I’m considering starting a podcast, “The Heroic Patient.” What do you think?

I want to interview Sorena and others with heroic life journey’s for you to discovery, connect with, increase awareness of, and appreciate.

The idea is to interview a world-community patient who will tell their “story.” It enters through the physician’s office doorway and increases transparency.

Many in our world community do not have a great understanding of what a physician nor a patient do in this exchange. You may think, “Well, everyone is a patient so at some level they do.” But:

  • How many, do you think actually go into a physician’s office?
  • How many variety of physicians does any one patient see in a lifespan?
  • How many get to tell their story?
  • How many of us hear each other’s stories?
  • How many of us understand how a physician solicits the details of a story so someone is “heard?”

If a patient were to learn the ‘behind the scenes,’ thought processes, interview techniques and analysis of the physician, would that be helpful to the patient?  Would the doctor learn from this dynamic interplay, and would the interview process evolve and grow from this? How would this effect stigma of all variety? Who knows?

What do you think? Is there a need for the “Heroic Patient” Podcast? If so, what are your recommendations and opinions?

The idea is that we are designed for connection. It’s friendly, remember? 🙂

Keep on!

Self-care Tip: Get transparent to get connected! Be a friend to yourself.

Stay Awake! to sleep well

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(Whomever it is that originated this stinking hilarious picture and quote, thank you!)

The glass half empty view on sleep and age:

When you are a child, you don’t want to sleep. When you are a parent, you could if you would, and you want to, but there are the kids. When you are fortunate enough to grow old, you want to, don’t have kids, but can’t.

 

The National Sleep Foundation Recommends:

Preschoolers (3-5): Sleep range widened by one hour to 10-13 hours (previously it was 11-13) School age children (6-13): Sleep range widened by one hour to 9-11 hours (previously it was 10-11) Teenagers (14-17): Sleep range widened by one hour to 8-10 hours (previously it was 8.5-9.5)

Younger adults (18-25): Sleep range is 7-9 hours (new age category) Adults (26-64): Sleep range did not change and remains 7-9 hours. Older adults (65+): Sleep range is 7-8 hours (new age category)

Should-a, could-a, would-a, right?

“The amount of sleep required by the average person is five minutes more.”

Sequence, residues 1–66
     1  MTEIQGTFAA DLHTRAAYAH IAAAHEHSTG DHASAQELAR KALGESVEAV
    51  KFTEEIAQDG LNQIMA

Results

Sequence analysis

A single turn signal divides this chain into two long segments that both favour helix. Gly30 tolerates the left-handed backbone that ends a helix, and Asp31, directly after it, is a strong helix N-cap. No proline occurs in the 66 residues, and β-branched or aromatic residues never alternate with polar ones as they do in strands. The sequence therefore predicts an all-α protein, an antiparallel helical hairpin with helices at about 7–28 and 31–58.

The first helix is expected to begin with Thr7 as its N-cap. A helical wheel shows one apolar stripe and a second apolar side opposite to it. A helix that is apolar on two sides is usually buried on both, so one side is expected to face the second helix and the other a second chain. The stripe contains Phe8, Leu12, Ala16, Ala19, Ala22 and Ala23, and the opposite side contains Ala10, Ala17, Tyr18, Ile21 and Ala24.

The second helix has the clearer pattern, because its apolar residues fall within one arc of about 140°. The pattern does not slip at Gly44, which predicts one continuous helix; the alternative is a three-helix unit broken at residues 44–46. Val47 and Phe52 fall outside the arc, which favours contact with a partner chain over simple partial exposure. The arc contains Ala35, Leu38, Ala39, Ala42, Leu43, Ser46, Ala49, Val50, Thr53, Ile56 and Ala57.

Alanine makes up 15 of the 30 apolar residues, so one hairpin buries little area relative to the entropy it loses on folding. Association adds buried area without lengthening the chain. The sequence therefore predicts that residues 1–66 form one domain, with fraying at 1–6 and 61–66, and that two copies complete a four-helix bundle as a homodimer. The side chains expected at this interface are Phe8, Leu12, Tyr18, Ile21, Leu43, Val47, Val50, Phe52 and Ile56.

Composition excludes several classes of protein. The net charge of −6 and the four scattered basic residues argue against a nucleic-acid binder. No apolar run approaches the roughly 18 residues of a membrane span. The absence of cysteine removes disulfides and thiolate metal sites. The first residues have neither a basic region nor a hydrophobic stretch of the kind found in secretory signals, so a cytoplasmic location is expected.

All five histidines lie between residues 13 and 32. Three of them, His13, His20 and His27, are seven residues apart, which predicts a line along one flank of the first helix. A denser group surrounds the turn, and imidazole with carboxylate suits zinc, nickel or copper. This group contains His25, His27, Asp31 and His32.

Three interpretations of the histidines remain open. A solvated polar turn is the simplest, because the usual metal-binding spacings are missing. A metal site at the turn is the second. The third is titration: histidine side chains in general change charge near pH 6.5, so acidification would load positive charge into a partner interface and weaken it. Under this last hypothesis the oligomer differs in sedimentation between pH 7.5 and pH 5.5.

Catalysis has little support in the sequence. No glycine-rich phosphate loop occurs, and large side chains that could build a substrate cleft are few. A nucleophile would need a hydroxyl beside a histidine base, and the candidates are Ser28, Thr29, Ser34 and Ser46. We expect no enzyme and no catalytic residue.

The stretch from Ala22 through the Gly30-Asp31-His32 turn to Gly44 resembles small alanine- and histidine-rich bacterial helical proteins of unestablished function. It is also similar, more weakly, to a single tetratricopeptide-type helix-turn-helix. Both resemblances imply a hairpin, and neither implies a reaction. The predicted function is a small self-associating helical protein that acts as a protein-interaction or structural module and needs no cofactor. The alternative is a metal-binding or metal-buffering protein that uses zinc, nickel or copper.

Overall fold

~Wilson Mizner

One thing that gets left out of most sleep books (um, did I include it in my book??) and sleep talks, is how to be awake. Because, the opposite of sleep is not just slogging around in a haze. It is alertness, attention, and memory.

Sort of abandon sleep hygiene for a while. Give yourself a break from the disappointment. And then be firm on the effort of daytime alertness.

Practically, all of this means reading, writing, talking, and moving. No nap unless before noon. The body requires all these to be alert. And vice-versa for alertness.

This is where I additionally bring in the concept of a stimulating medication such as Modafinil. Don’t confuse this with taking caffeine. Caffeine is metabolized way to fast to be helpful in this regard. There are others one may discuss with their treatment provider.

Self-care tip: Get awake, really awake, during the day to sleep well at night.

Questions:

What is your daytime energy like? Alertness, attention, and memory? Do you sleep well in relation to this?

Please tell your story. Keep on.

Best Self-Care Ever! StepBet

move-it

Hello Friends!

This post is a simple plug for one of the best things I’ve ever done for myself.

You have heard me talk about neural grooves and changing habits such as those that are not friendly to Me. In a post, “Pay a Dollar,” I said,

When you feel trapped by your own self, get friendly by remembering this.  You’re mistaken.  You’re talking about a brain groove, not a vampire.  It’s not hopeless.  Not much more, not much less than what it is.  A groove can be abandoned.  New paths can be made and when the stressor hits next time, you will have a longer moment to decide on which behavior to play.  You will have a choice and you will realize more often that you are not trapped by what you thought; you are not hopeless and ugly.

So how long does it take to form a habit? Or break one? To change neural grooves in the brain. Many say, twenty-one days. Others say, you have to do it every day for a year.

This game, StepBet, is designed to get us moving as a habit. I’m loving it. I invite all my patients to join me. My team. My friends! I’m not leaving you out! Smile. Check it out.

You put $40 up that says you will walk a determined number of steps every day, except one, each week for six weeks. If you miss a day, you lose your forty bucks. Some days, I start thinking, …”It’s just forty dollars…(whine – a long high pitched complaining cry.)” The money from those who don’t make it to six weeks goes into a kitty and later dispersed amongst all those who did. Yah! So fun!